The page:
gila bend, az to willcox, az
10.03.2010 - 10.03.2010 72 °F
today started out much like the others; wake up, clean up, pack up and head out. instead of grabbing a protein bar and a cup of coffee for the road, i decided to treat myself to a real breakfast in a real restaurant. i pulled into the Outer Limits Café, a space-themed restaurant in the heart of Gila Bend, AZ. albeit a little run down, the food was exactly what i was craving: a traditional trucker breakfast. the eggs were fried in real butter, the bacon had real fat attached and the pancakes melted in my mouth. it was a little slice of heaven. it was also the place that i met my new grandparents.
i decided to adopt them when i realized it was they that belonged to the two motorcycles parked next to El Monsterito. pushing seventy (if not seventy-five), the two couples were dressed in full leathers, the men in chaps and the women in a traditional mom-jean cut. both of the ladies were sporting the cutest little hats, one with an animal print band and the other with jewel-tone sequin things that went perfectly with the space-age theme of the restaurant. i wanted to take them home immediately. they were even nice enough to let me take their picture so i could show my mom that she’s not too old to get back on the hog.
soon after getting back on the road, i noticed a strong fuel smell that was not going away. it seemed to intensify as i traveled down the road, to the point where my nostrils were burning and my stomach was turning. i pulled off the highway at a picnic area to check for leaks. finding nothing but a beautiful view, i returned to the road. unfortunately for me, the smell did not dissipate. i had to stop every half hour or so to get fresh air as the stench was so strong that even having the windows down did nothing to alleviate the suffering of sinuses.
the good thing about this was it forced me to slow down and take notice of my surroundings. during my longest break, at Picacho Peak, i walked along a desert path at half-speed, performing a meditation technique i read about in a book by Paulo Coehlo. i forced myself to slow down, not only in body but in mind as well. i took myself out of the frenetic place in my head that constantly worries about how many miles in how many hours and when i’m going to get where and how much time i’ve wasted doing god knows what and how much gas i’m going to need and where i’m going to sleep and eat and and and… and brought myself back to the moment i was actually in. i slowed even further, carefully placing first my heel, then arch, ball and toes; rolling slowly forward, noticing the way the rocks beneath my feet looked, sounded, felt. i noticed the tiny white buds on the groundcover, the exact texture of each cactus i passed, the tiny yellow flower all by itself in the rocky soil.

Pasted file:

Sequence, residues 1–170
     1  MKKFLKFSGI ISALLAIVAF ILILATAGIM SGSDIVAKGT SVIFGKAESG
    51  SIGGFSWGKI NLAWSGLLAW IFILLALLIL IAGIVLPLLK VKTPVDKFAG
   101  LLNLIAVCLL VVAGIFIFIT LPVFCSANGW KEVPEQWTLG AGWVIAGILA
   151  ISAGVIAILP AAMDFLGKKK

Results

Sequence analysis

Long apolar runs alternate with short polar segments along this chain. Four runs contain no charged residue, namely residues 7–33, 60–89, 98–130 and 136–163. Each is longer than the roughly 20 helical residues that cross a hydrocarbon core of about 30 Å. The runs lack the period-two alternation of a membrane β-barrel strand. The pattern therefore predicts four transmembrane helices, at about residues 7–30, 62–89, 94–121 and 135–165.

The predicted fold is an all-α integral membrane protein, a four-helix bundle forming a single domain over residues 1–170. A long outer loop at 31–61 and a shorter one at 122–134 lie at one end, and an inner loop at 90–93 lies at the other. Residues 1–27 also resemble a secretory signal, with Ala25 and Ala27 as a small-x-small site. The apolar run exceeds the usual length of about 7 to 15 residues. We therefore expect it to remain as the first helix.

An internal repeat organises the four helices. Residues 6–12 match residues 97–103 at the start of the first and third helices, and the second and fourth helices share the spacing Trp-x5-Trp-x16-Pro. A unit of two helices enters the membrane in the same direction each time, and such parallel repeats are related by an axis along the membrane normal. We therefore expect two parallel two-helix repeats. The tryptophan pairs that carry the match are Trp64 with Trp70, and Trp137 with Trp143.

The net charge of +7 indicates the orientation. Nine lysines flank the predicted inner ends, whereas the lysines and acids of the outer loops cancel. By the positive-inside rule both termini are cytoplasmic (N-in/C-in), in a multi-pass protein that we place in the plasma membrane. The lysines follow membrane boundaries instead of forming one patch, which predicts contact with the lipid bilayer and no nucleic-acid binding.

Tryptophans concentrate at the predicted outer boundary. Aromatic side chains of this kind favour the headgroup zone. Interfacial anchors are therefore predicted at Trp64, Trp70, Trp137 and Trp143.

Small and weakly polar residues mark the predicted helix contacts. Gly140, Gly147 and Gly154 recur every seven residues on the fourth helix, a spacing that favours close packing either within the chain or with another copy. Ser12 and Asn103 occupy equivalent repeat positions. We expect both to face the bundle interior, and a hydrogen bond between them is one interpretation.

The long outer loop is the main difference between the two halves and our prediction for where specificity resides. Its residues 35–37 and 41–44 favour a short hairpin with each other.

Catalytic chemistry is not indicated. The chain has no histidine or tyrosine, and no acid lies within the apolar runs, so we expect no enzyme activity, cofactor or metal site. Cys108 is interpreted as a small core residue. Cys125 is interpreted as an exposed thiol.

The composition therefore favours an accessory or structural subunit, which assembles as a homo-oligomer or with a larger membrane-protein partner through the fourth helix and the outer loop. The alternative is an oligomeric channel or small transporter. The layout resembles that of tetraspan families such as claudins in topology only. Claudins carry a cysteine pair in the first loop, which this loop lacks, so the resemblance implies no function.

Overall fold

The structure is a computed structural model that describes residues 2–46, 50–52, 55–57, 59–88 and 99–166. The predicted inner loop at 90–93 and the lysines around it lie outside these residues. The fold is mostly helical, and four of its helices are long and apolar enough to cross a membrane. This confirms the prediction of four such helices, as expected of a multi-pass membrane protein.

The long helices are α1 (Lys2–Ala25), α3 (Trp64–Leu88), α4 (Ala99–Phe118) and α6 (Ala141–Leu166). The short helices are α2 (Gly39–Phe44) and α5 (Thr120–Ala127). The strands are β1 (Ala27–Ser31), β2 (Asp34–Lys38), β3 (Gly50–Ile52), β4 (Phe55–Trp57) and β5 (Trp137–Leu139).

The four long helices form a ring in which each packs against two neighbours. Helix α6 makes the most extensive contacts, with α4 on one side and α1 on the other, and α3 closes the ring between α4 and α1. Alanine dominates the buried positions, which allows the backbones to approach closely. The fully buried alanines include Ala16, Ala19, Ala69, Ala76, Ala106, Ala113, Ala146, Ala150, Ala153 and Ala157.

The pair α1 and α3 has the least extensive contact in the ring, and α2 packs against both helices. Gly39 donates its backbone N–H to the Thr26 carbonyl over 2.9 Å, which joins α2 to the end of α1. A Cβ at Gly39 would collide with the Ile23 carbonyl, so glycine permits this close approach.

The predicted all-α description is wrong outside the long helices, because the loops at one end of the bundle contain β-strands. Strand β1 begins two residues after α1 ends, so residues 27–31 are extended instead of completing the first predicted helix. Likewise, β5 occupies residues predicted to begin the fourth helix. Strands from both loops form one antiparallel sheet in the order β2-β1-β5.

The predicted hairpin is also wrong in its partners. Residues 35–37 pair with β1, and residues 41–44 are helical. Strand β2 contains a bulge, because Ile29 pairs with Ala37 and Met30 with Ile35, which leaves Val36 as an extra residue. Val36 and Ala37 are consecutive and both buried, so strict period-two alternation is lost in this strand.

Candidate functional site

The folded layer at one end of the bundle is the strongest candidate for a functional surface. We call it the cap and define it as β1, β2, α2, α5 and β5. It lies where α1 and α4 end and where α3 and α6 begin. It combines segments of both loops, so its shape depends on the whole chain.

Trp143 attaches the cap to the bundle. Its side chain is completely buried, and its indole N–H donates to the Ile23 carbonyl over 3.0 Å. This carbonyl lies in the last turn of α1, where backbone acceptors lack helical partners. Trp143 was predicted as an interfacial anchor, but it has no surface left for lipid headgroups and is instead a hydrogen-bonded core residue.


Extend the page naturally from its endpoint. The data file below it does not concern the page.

i was reminded that we are not alone in this world; that no matter how much we try to re-form this earth to suit our preferences and our conveniences and our comforts, we do not own it. i thought of all the people that had passed this way before, first on foot, then on horses or in wagons and now speeding along in vehicles. i realized that the faster we go, the more we miss along the way; the more focused on the outcome, the more we miss the process. it occurred to me that perhaps, all of those things that we surround ourselves with to make our lives easier instead entrap us in a false reality. we become so consumed with the desire to own, to do, to achieve, to accomplish, to succeed that we forget that life is happening right now. life does not lie in what might come tomorrow or what happened yesterday, but in this very moment. this is the most important moment of your life.
i also realized just how self-focused i have become over the past few years. i’ve been trying so hard to make sense of my life and all of the things that have happened that i’ve forgotten to stay connected to the rest of the world. i’ve neglected my family, my friends and even my larger commitment to the world. in trying to figure out the whys and hows of my past and future, i’ve forgotten to stay plugged into the people, places and things that really matter to me. i’ve become just as shallow and self-serving as the people i roll my inner eye at as i walk by and judge myself superior in every way (which is of course, ludicrous).
it’s such a slow, insidious process that i hardly noticed it happening. i had become the center of my own universe and began to separate myself from everyone else, turning my eye inward and warping reality so that it fit with the script i had written for my life. i re-cast the characters so that i was always the one in the right, the one who had been wronged, the one who would prevail.
being the leading woman in my own story, i started treating people as supporting actors.
of course, all i can do to change this is to remember the lessons of today: stay focused, stay present, stay attentive. live, now.